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Few apply to Florida universities after DeSantis order to help Jewish students, others

Students walk through Turlington Plaza on the University of Florida Campus in Gainesville, Fla. (Sam Thomas/Fresh Take Florida)<br/>
Sam Thomas/Sam Thomas
Students walk through Turlington Plaza on the University of Florida Campus in Gainesville, Fla. (Sam Thomas/Fresh Take Florida)

At least five people in the United States have applied to Florida universities through Gov. Ron DeSantis’ emergency order to encourage students across the country to transfer to Florida who feel they experienced religious persecution on campus after the Oct. 7 Hamas attacks.

The governor’s order announced last month waives application fees and, in some instances, grants in-state tuition to transfer applicants.

Of the 12 public universities in the state, at least two students applied to the University of Florida, two applied to Florida Atlantic University and one applied to Florida State, the schools confirmed. Spokespersons for the University of South Florida, Florida A&M University and New College of Florida did not respond to repeated emails and phone calls within the past two weeks.

DeSantis announced the order during his State of the State address, when he compared Florida’s response to the Israel-Hamas war to reports of antisemitism on other college campuses. He promised Jewish students around the country that Florida will “welcome them with open arms.”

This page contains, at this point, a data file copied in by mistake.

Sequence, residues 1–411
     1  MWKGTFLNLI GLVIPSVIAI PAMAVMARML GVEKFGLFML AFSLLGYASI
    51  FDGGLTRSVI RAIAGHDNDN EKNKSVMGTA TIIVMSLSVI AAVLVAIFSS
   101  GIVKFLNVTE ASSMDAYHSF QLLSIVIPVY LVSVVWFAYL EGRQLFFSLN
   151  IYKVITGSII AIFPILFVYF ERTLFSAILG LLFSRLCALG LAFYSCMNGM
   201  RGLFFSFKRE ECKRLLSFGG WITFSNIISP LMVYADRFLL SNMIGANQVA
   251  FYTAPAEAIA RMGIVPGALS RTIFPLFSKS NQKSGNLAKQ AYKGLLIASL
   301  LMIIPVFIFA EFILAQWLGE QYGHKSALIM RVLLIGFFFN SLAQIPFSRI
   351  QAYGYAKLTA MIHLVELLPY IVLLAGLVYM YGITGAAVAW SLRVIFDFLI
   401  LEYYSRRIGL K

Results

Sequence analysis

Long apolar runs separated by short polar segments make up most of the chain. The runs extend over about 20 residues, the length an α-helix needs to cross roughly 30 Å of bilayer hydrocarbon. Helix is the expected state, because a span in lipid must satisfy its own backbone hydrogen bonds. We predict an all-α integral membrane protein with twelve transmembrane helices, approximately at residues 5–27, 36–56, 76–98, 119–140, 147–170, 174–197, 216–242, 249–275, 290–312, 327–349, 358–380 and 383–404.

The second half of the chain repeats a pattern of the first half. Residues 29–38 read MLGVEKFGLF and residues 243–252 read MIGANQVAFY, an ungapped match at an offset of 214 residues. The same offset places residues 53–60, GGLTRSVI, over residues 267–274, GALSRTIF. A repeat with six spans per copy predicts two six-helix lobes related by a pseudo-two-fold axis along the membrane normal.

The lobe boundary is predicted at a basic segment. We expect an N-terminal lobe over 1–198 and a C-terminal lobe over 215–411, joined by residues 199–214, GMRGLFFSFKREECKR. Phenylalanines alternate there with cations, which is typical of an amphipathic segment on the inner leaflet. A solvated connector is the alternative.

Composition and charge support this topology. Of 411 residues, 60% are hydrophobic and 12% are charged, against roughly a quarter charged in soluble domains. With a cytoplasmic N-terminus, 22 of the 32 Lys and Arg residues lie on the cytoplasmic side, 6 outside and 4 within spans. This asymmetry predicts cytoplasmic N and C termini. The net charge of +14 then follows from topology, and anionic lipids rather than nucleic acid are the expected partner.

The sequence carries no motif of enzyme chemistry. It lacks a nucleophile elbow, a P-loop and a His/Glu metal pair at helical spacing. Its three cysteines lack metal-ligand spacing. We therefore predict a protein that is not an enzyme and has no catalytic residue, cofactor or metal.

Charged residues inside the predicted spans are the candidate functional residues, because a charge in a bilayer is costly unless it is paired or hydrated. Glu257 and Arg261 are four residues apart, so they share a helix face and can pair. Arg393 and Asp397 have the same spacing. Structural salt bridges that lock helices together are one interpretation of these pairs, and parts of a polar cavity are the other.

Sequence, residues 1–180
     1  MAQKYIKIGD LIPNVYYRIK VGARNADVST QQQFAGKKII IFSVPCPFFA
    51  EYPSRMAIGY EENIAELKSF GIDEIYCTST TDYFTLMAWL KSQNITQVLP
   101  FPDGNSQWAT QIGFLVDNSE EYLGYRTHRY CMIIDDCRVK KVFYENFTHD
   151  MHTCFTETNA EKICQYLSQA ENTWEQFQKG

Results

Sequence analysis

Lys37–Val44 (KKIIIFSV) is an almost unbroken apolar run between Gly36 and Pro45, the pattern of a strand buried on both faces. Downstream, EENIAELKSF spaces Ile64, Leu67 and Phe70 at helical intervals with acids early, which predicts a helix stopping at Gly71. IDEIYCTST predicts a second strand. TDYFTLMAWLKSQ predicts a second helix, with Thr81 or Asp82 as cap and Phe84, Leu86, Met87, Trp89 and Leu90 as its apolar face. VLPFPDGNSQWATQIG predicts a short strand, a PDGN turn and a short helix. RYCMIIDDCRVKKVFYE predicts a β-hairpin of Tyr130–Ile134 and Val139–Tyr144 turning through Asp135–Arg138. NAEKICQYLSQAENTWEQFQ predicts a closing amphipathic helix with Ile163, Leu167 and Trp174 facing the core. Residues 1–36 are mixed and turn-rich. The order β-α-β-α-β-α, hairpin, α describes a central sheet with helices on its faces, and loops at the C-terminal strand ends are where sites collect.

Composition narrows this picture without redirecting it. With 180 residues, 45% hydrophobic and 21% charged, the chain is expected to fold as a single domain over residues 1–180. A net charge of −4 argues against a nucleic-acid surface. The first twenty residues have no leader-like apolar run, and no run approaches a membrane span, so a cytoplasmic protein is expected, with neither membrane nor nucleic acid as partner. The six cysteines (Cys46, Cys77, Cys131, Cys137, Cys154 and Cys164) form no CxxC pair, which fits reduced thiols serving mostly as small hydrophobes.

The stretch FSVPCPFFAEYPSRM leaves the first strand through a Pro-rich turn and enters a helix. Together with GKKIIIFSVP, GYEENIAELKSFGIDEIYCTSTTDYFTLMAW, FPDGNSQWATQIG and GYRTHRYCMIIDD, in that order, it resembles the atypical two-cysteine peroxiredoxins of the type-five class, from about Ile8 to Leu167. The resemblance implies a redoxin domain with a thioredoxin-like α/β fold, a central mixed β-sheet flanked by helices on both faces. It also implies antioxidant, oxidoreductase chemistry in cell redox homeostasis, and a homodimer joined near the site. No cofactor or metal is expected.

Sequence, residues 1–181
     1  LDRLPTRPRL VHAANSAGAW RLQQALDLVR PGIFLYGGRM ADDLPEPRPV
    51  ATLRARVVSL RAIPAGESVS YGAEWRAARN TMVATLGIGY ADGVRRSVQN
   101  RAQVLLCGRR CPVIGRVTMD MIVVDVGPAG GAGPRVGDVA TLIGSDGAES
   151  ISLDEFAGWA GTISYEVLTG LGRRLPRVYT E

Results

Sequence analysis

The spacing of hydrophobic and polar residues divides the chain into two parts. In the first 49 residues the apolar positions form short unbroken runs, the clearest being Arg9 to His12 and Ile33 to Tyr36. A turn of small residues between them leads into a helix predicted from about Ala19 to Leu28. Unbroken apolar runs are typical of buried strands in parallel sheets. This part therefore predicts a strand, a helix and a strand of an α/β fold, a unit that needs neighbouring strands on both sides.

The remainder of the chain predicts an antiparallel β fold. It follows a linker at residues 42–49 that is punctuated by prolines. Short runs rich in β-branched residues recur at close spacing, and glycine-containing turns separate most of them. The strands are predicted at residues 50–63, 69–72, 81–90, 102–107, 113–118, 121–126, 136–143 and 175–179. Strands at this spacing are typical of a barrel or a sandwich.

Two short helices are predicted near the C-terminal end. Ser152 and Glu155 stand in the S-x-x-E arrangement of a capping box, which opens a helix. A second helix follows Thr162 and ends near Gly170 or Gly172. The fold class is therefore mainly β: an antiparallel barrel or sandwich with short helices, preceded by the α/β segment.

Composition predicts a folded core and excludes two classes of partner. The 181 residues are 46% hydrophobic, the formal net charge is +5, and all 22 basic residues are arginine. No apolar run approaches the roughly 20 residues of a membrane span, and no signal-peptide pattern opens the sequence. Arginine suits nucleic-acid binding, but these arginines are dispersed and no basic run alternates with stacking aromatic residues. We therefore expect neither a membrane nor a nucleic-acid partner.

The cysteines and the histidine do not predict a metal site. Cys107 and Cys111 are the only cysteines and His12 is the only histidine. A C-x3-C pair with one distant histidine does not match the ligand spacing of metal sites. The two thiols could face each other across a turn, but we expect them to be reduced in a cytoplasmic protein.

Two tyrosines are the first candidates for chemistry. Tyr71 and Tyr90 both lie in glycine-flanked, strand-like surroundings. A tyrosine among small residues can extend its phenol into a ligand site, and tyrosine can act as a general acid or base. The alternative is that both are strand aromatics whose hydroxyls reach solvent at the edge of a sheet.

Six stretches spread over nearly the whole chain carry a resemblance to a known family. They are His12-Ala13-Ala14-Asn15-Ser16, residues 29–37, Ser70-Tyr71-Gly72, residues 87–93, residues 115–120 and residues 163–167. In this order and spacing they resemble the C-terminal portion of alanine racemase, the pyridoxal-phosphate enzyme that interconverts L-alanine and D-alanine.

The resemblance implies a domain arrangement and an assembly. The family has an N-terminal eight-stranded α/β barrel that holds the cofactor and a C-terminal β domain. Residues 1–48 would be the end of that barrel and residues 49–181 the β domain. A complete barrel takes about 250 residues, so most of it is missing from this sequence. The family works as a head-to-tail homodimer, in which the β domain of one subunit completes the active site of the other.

“Over the coming months, they will have a tough decision to make – pack up and leave or stay and endure continued hatred,” he said in the address.

DeSantis mentioned only Jewish students in his speech and the emergency order cites only statistics about antisemitism, but any student can apply if they have experienced religious discrimination or harassment at their current university. Florida universities may require statements, photographs or official records from students to confirm they have a “well-founded fear of persecution on the basis of religion,” according to the order.

Gov. Ron DeSantis gives the State of the State address from the House Chamber of the Capitol Building in Tallahassee, Fla., Tuesday, Jan. 9, 2024.
The Florida Channel
/
Fresh Take Florida
Gov. Ron DeSantis gives the State of the State address from the House Chamber of the Capitol Building in Tallahassee, Fla., Tuesday, Jan. 9, 2024. (The Florida Channel/Fresh Take Florida)

The day after issuing the order, DeSantis clarified during a Republican presidential primary debate with Nikki Haley – just before he dropped out of the race – that non-Jews could also apply, saying the order was “...not just for Jewish students — [but for] anyone who's being persecuted or being marginalized because of their faith in any college around the country.”

It is unclear whether the students who applied through the order are Jewish. The privacy of university applicants is protected under federal law and schools must have written consent from students before releasing an applicant’s name and other personal information.